A digital declutter helps you organize your life and has the added bonus of reducing your vulnerability to common threats. But knowing where to begin can be hard – most of us leave a larger digital footprint than we realize. We’ve created a checklist to help you clear away the clutter and reap the rewards of a clean digital state.
We recently covered the benefits of a digital declutter on our podcast, Random But Memorable, so you can have a listen to that as well (skip ahead to 23:16 to jump right into the decluttering discussion).
Read on for our top tips for tackling your digital clutter.
The benefits of a digital declutter
Spotting online threats isn’t always easy – after all, their job is to deceive you. But, with a healthy polish of your online presence, you can reduce the likelihood of falling victim to a cyberattack. Here are a few hazards a digital declutter could help prevent:
- Data breaches: By deleting old accounts or shoring up your account security with two-factor authentication, you lower the risk of breaches compromising your information.
- Phishing: If you clean up your email inbox, you get a better view of incoming emails – so when something phishy does make it into your inbox, it’s easier to spot.
- Hacks: Every browser plugin/app/service you use increases what we call your “attack surface” – the number of ways a criminal can try to get at your data. By removing unneeded extensions and applications, you reduce your exposure risk.
Unlike physical objects, there is virtually no limit to the amount of digital ‘stuff’ you can accumulate. This can be quite overwhelming, so we’re breaking down some of the ways you can tackle your clutter. You don’t have to restructure your whole digital life all at once, though a digital declutter over time is likely to be more successful and less exhausting.
1. Organize your devices
Got half a dozen devices on the go at any given time? Phone, watch, tablet, laptop, TV, external storage, fridge – with so many devices, it’s hard to stay on top of the clutter that accumulates over time. A good place to start is making a list of all your devices, and then systematically complete the following actions for each device:
☑️ Delete apps and uninstall programs you don’t use anymore.
☑️ Make sure your device has the most recent software updates installed.
☑️ Turn on automatic updates.
☑️ Audit permissions on mobile apps, and on websites.
☑️ Remove optional device features that are often auto-installed.
Pro tip: If you have old devices that no longer receive security updates, consider installing Linux, if possible, so you can continue to receive security patches.
And lastly, if you have old devices you are no longer using, it’s time to fully reset them before donating them to a good cause or safely disposing of them. The key is to get your devices in a healthy, functional state – then keep them that way. Just think of how much faster they’ll run after a declutter!
2. Review your web browser
It can be easy to forget that web browsers do more than just serve as a gateway to your favorite websites. No matter which web browser you use, there’s a definite security and privacy benefit to reviewing your settings periodically. Here are the best ways to adjust your browser settings to make sure the time you spend online is safe, secure, and private.
☑️ Set a reminder to clear your cookies and browsing history on a regular basis.
☑️ Review extensions or plug-ins you use and delete any you don’t need anymore.
☑️ Use HTTPS/secure connections whenever possible.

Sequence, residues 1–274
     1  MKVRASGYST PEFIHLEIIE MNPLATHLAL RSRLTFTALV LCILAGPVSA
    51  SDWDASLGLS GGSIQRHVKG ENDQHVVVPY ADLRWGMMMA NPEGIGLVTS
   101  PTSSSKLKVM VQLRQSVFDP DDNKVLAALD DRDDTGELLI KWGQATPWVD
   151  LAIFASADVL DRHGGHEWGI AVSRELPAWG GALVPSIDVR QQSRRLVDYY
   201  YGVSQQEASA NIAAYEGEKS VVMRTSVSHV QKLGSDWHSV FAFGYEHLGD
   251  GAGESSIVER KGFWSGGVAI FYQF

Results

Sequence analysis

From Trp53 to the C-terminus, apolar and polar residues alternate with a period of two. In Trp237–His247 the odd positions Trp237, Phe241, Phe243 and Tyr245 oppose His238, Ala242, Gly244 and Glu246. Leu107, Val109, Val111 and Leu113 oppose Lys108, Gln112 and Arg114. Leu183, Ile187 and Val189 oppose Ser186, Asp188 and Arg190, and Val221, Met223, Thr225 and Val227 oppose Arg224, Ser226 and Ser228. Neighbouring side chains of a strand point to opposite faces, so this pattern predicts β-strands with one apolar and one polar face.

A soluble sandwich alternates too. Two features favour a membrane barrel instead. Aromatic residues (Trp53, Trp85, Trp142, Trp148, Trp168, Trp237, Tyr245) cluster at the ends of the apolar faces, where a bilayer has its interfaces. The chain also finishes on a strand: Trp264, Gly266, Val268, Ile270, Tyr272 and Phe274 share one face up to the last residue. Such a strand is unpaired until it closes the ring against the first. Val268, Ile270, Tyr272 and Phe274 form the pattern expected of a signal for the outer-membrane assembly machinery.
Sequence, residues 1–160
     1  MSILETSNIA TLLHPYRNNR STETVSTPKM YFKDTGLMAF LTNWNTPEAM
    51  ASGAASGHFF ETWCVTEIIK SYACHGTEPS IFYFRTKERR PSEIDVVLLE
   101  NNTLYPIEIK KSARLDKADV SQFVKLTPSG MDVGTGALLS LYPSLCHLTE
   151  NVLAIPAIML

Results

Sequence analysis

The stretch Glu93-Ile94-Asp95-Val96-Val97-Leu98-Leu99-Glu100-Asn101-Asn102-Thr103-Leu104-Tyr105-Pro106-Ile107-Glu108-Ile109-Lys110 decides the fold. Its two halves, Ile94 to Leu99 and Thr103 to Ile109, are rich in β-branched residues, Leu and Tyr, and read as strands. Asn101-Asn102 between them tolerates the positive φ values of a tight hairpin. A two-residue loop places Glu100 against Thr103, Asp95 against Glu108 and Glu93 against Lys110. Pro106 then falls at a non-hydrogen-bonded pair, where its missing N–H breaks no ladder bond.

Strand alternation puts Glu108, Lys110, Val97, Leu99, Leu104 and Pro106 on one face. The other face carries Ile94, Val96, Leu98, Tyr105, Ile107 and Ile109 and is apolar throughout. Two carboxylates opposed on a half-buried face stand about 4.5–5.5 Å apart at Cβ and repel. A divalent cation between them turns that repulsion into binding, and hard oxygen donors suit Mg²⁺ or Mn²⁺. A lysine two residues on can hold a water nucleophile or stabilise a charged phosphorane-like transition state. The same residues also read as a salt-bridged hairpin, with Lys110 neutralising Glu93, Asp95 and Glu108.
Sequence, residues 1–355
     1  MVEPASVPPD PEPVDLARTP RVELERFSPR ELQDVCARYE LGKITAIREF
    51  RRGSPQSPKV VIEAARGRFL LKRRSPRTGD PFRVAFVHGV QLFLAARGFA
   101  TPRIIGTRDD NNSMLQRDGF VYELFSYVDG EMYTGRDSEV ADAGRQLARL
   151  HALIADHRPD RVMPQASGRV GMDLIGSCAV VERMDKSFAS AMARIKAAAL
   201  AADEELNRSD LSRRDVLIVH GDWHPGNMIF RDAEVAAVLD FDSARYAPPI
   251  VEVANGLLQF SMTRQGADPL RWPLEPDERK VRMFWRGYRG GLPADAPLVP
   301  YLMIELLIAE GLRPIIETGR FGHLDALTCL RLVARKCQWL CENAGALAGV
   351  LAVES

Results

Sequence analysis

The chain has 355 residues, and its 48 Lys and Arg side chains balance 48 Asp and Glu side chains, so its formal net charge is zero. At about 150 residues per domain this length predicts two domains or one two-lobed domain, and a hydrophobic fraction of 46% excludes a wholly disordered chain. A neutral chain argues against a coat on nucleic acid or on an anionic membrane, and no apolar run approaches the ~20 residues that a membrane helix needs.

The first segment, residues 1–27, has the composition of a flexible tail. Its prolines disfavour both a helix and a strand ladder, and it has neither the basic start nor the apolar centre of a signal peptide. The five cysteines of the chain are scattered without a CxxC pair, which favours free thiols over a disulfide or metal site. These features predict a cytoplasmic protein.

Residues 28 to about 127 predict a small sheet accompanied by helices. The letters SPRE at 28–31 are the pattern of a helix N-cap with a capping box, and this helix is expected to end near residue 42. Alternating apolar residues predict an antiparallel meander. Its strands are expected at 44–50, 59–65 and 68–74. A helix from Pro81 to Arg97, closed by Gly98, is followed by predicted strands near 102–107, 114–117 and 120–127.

☑️ Enable DNS over HTTPS if available.
☑️ Download more than one browser and use them for different tasks relative to privacy – for example use one browser for work, and another for personal time.
Hot tip: Most of us give permission for apps to plug into our Twitter and Facebook accounts from time to time. It’s a good idea to clear those out every so often, or at least pare them back to the essentials.
3. Clean up your email
There’s no denying there is some level of stress associated with unread emails. So finding a way to reduce the amount of incoming emails, or how you’re handling email in general, can help remove the mental burden that email can often take up in your mind. Not to mention it’s actually a great way to reduce your exposure to phishing attacks. It’s what we like to call a win-win situation.
☑️ Delete old emails, or if you don’t have time, just archive them all – you retain access to them, but you get to start at inbox zero, giving you the time to reset your email rules as new emails come in on a daily basis.
☑️ Set up a system to handle new emails as they come in.
☑️ Unsubscribe from mailing lists you no longer care about.
4. Delete old accounts
We’ve previously talked about the risks that old, unused accounts present, so here’s our gentle reminder that a digital declutter isn’t complete without a review of your past.
☑️ Delete accounts you no longer use (you can do this by going through wherever you store your passwords and shutting down accounts you no longer use).
☑️ Remove sensitive information (like credit card numbers, date of birth, etc) from accounts you’re unable to delete but no longer actively use.
5. Organize your 1Password account
And, of course, a healthy clean up of your 1Password account will make sure that accessing your information is seamless.
☑️ Archive old logins (you can always restore if you need them).
☑️ Use tags to group related items together (eg. health, finance, gaming, etc.).
☑️ Star favorite logins so they’re easier to access.
☑️ Identify items that offer 2FA, and then update accordingly.
☑️ Use Watchtower to find duplicate passwords.
☑️ Check Watchtower for any compromised passwords.
And that’s it. If you do a little bit of work on this each day, in no time you should reduce the amount of digital clutter you have – and by proxy, reduce your exposure to online threats.